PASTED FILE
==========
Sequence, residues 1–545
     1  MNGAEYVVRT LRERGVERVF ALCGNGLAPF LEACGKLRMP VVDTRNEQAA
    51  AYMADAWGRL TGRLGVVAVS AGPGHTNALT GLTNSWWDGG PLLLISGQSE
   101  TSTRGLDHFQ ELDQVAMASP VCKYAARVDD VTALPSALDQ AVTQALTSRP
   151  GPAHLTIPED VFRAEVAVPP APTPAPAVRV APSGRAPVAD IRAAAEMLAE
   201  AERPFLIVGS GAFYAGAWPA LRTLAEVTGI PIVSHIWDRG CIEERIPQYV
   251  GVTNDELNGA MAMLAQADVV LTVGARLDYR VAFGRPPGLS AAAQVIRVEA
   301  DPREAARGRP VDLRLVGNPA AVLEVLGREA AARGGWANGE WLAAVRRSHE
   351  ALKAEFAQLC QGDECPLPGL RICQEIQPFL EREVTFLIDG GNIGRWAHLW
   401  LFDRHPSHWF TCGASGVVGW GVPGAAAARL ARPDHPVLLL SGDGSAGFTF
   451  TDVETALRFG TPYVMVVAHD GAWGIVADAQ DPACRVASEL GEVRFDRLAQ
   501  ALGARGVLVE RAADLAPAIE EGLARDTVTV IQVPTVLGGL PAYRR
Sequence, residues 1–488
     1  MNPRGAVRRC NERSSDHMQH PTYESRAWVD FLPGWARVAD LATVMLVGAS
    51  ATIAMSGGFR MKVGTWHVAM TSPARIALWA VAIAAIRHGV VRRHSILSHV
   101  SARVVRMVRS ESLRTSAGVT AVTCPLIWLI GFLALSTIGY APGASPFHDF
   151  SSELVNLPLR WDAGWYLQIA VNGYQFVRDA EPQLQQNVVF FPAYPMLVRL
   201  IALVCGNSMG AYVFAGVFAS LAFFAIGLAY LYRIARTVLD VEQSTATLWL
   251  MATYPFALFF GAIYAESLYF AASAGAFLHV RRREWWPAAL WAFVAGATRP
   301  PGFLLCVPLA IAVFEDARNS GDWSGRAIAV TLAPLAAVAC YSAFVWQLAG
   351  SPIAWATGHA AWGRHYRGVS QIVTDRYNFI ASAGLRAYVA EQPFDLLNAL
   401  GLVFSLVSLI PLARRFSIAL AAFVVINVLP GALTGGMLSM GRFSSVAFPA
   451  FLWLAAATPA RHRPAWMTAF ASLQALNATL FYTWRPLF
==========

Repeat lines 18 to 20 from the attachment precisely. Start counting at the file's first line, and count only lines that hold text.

   201  IALVCGNSMG AYVFAGVFAS LAFFAIGLAY LYRIARTVLD VEQSTATLWL
   251  MATYPFALFF GAIYAESLYF AASAGAFLHV RRREWWPAAL WAFVAGATRP
   301  PGFLLCVPLA IAVFEDARNS GDWSGRAIAV TLAPLAAVAC YSAFVWQLAG